This Day in Jewish History |

1880: A Brilliant Piano Teacher and Even Better Wife Is Born

Send in e-mailSend in e-mail
Send in e-mailSend in e-mail
Russian conductor Vasily Ilyich Safonov (1852-1918) with Moscow Conservatory pupils (l-r): Rosina Lhevinne, Alexander Goedicke, Elena Beckman-Schcherbina, Olimpiada Kartasheva and Aglaida Fridman.Credit: Wikimedia Commons

March 29, 1880, is the birthdate of Rosina Lhevinne, piano teacher extraordinaire, who gave up her own solo career so as not to compete with her pianist husband, but who returned to the stage at age 76, after her husband’s death.

Rosina Bessie was born in Kiev, the daughter of Jacques Bessie, a Dutch-born Jewish jeweler, and the former Maria Klatch. Both parents were amateur pianists.

Before she was a year old, the family moved to Moscow, in the wake of anti-Jewish rioting in Kiev. When Rosina was four, she nearly died of diphtheria. Her life was saved only because her mother insisted that she be given a tracheotomy.

She began piano lessons at age seven was accepted for instruction at the Moscow Imperial Conservatory when she was nine. Overlapping with her at the school, but five years her senior, was Josef Levin.

She remained at the school through to graduation, in 1898, when she won the school’s prestigious Gold Medal, the same prize Josef had been awarded six years earlier. (Josef had been in the same class as Sergei Rachmaninoff and Alexander Scriabin.)

A week after Rosina graduated, she and Levin were married. He changed the spelling of their name at the suggestion of a manager who thought Lhevinne looked less Jewish.

Kaiser protected them, but aliens anyway

Friends predicted that their partnership wouldn’t survive two professional careers as pianists. In fact, they remained very happily married for 46 years, until Josef died in 1944. But after a brief period of performing together, Rosina decided to she give up her solo career. Thereafter, she appeared publicly only when Josef needed her to accompany him in piano duets.

The young couple lived in Tbilisi for two years, and also, alternately, in Moscow, New York and Berlin, where with the Kaiser’s personal approval they bought a mansion in Wannsee.

When World War I broke out, however, the Lhevinnes, as aliens and Jews, were required to register as aliens and to report to the police three times a day.

By 1918, they had a son and a daughter, and in the wake of the Russian Revolution, they decided to leave Europe for New York. They never returned to Russia.

In New York, they bought a large house in Kew Gardens, Queens. Both Josef and Rosina began teaching at the Institute of Musical Art, which later merged with the Juilliard School.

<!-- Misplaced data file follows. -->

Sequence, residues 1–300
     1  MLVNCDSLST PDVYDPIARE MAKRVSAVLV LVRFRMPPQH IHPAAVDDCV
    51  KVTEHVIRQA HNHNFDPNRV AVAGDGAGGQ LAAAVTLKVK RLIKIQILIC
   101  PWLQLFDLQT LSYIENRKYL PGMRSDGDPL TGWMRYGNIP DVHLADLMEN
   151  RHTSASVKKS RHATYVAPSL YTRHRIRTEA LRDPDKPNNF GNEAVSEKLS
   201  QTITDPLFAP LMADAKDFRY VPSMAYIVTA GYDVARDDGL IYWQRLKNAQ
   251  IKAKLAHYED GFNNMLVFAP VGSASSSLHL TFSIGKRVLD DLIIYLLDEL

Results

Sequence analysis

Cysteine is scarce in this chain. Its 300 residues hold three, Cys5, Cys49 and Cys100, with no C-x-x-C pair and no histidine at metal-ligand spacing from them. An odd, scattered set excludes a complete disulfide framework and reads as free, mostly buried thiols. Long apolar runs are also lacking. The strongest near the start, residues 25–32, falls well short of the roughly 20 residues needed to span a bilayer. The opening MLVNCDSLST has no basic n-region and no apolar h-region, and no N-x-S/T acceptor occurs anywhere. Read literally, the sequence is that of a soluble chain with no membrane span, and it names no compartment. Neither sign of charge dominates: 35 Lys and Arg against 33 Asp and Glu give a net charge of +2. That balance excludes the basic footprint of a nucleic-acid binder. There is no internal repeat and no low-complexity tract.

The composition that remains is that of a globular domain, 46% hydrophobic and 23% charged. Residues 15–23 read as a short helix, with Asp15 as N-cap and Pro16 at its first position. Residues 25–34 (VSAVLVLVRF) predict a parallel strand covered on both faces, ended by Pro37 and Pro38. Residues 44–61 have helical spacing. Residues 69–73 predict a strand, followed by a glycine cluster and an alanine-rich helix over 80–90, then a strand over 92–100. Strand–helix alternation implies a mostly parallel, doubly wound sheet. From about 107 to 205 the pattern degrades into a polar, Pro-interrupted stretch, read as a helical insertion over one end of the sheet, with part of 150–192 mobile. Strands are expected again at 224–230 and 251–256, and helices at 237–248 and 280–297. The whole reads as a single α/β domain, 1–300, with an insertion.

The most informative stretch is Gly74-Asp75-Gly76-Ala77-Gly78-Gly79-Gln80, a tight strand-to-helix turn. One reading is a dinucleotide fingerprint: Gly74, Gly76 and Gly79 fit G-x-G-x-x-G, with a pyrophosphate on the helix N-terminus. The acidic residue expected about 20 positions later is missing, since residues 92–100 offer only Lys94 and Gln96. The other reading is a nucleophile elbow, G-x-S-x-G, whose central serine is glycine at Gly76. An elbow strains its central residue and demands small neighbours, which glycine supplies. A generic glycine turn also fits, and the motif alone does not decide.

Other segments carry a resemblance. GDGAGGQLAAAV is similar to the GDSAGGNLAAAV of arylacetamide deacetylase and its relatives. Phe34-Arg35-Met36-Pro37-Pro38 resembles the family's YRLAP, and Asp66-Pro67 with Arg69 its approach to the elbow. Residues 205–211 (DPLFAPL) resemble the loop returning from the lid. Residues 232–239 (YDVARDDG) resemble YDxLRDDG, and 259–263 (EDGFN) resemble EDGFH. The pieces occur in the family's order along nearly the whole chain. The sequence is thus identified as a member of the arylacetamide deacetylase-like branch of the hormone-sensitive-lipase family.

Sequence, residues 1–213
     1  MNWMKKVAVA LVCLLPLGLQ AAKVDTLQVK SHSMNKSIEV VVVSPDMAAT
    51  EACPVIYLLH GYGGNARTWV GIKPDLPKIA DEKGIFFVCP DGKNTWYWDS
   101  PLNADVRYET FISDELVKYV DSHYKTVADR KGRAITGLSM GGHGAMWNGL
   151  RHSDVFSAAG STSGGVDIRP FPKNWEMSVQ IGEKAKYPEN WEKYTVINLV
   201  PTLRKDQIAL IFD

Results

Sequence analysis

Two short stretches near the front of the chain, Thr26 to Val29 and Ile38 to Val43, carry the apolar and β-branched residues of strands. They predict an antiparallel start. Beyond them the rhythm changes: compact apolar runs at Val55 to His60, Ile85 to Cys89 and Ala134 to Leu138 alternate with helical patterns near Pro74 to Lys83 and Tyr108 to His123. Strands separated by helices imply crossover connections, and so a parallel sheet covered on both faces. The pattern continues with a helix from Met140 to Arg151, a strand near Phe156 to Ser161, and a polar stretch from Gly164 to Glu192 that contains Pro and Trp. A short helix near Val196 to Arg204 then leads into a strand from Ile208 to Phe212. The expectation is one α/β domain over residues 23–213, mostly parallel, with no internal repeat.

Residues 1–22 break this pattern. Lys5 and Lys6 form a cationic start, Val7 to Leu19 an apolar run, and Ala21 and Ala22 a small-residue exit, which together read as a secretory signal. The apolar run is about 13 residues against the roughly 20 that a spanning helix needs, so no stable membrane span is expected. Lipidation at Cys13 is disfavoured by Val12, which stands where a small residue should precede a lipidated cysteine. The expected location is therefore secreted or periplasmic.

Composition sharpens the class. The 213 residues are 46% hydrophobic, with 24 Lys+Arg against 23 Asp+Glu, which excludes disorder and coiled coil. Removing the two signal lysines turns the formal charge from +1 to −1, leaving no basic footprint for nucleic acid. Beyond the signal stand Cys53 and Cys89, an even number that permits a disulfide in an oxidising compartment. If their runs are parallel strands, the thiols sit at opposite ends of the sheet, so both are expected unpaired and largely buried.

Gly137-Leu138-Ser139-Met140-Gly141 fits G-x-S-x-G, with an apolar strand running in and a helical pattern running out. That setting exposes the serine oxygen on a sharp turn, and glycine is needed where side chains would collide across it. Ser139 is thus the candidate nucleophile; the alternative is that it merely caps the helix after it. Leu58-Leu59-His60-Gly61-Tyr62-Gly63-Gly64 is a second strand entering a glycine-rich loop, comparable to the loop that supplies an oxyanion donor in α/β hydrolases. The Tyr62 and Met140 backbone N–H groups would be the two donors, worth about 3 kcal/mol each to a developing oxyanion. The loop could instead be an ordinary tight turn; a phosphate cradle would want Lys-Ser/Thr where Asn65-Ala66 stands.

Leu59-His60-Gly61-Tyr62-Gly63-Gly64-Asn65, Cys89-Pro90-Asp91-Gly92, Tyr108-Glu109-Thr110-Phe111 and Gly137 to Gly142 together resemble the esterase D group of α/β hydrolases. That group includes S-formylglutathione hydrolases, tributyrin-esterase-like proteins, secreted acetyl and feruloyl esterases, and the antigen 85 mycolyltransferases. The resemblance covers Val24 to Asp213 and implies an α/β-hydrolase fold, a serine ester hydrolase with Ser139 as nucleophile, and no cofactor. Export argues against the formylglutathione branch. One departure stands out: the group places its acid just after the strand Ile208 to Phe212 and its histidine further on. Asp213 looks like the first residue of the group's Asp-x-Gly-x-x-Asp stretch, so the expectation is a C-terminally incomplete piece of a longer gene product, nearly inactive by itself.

As a well-known performer, Josef had the higher status as a teacher, but it was generally acknowledged that Rosina was a superior instructor.

Reluctantly back on stage

When Josef died suddenly, of a heart attack, Rosina was reluctant to try to step into his shoes, but the Juilliard faculty insisted that she take over his teaching responsibilities.

In the decades that followed her students included Van Cliburn, Misha Dichter, John Williams (the film-score composer), David Bar-Illan (who became editor of the Jerusalem Post), Garrick Ohlsson and James Levine.

In 1956, she allowed herself to be persuaded to play publicly, together with the Juilliard String Quartet at the Aspen Summer Music Festival, and thereafter was a regular performing guest there. In 1963, she played the Chopin Piano Concert No. 1 with the New York Philharmonic, under the baton of Leonard Bernstein.

But Lhevinne always considered herself primarily a teacher. As she told Winthrop Sargent, who profiled her for the New Yorker in 1963, “Everybody wants to be a concert pianist, and then, when they have to teach, they feel humiliated. Why? Teaching is a great profession. How would the tradition be carried on if it were not for teachers?”

Sargent described Lhevinne as “the most widely respected piano teacher in the United States.” Her reputation derived no less from her personal attention to her students as from her technical brilliance. Sometimes, for example, she served as matchmaker between students, he wrote.

“Her approach was through love,” said one of her students, Sakine Akmatova, who many years later made a documentary film about her late teacher. “She would always say, ‘Listen with a kind ear.’”

Rosina Lhevinne died on November 9, 1976, in Glendale, California, at her daughter’s home. She was 96.

Click the alert icon to follow topics: